CBP has said its agents could exclude unaccompanied minors from the public health order on a case-by-case basis if they see signs of trafficking or illness, or if the child’s expulsion to her home country is not immediately possible. A CBP spokesman did not provide more details about when agents could exclude children. “If specific circumstances guaranteeing exemptions from title 42 expulsion were to be made public, they would be exploited by human smugglers,” the spokesman said.
Nagda, the policy director at the Young Center for Immigrant Children’s Rights, is worried about the potential asylum and protection requests that the U.S. is no longer hearing from children.
“What is most terrifying about this situation is the complete dereliction of any sense of either our legal obligation or moral obligation to very vulnerable children who are coming to our borders,” she said. “We have no idea who these children are and we have no idea where they’re going.”
Meanwhile, in the refugee camp in Matamoros, María is now contemplating returning to Honduras.
“Yes, I’m scared to go back — but my son is there now,” she said.
Those are among the many questions parents are asking after the recent deaths of George Floyd, Ahmaud Arbery and Breonna Taylor. Many white parents wonder whether to talk with their kids at all, while parents of color swallow their grief and fear to have “the talk” once again.
These deaths are part of a more complex story, one some parents have been telling for generations, and others have long felt they’ve had the luxury to ignore. But experts in child psychology and race-based stress say these conversations are essential for all parents to have, and they underscore that there are developmentally appropriate ways to talk to children of all ages about racism and police brutality.
“Silence will not protect you or them,” said Beverly Daniel Tatum, a psychologist and author of, Why Are All The Black Kids Sitting Together in the Cafeteria? And Other Conversations About Race. “Avoiding the topic is not a solution.”
Racism persists, experts say, because many parents avoid difficult conversations.
“One of the most important things to remember is that you may not have all the answers and that is OK,” said Erlanger Turner, a clinical psychologist and assistant professor of psychology at Pepperdine University who studies mental health among racial communities.
USA TODAY spoke with Tatum and Turner about how to talk with children about racial violence:
Why is it important to talk with children about what happened to George Floyd and other incidents of police brutality or racism in the news?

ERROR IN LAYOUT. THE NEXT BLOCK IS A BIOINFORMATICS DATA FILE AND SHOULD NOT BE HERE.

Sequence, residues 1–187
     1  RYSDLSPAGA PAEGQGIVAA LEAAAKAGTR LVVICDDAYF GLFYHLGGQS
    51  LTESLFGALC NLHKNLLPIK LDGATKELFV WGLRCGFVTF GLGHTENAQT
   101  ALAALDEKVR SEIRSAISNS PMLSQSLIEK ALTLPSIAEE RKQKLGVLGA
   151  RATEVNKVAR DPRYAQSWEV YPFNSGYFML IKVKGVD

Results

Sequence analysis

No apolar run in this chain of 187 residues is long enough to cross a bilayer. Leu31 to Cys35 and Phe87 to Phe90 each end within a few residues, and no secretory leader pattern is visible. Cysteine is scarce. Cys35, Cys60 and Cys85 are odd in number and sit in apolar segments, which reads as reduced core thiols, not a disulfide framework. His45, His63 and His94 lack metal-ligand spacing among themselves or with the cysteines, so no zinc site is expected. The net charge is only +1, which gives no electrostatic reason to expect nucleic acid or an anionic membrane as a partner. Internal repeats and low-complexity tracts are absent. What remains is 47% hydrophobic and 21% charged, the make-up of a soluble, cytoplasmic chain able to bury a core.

Beverly Daniel Tatum: Even young children may see or hear about highly publicized incidents like the George Floyd case – perhaps overhearing the TV or the radio – and may ask questions. Or if parents are upset by the news, the child may perceive the parent’s distress and ask why mom or dad is upset. In either case, an age-appropriate explanation is better than silence. Older children with Internet access may see online images on their own. Initiating an age-appropriate conversation can give children a helpful frame for understanding difficult realities. If parents are silent, children will draw their own often faulty conclusions about what is happening and why.
Erlanger Turner: Many adults are hurt and angered by these events and their children may notice changes in their mood. It is helpful to have a healthy conversation around what happened and also talk about ways to cope when you witness social injustice.
Does COVID-19 warrant avoiding these conversations, given many children are already struggling with fear, anxiety and uncertainty?
BDT: No. Not talking about upsetting events only fuels fear, anxiety and uncertainty. Being able to talk about something with a supportive adult can reduce fear, anxiety and uncertainty. Parents may avoid the conversation because they don’t know what to say, but it is a mistake to think that their silence is helpful.Get the Coronavirus Watch newsletter in your inbox.
ET: I don’t think that anxiety and fear about COVID-19 should stop a parent from talking about police brutality. This issue has been increasing in concern over the last few years as the number of black and brown people killed by police continue to rise. I think if you do talk with your child don’t leave them in a high state of worry. Make sure to end the conversation by engaging in a pleasant activity after the difficult discussion so they won’t stay worried or afraid.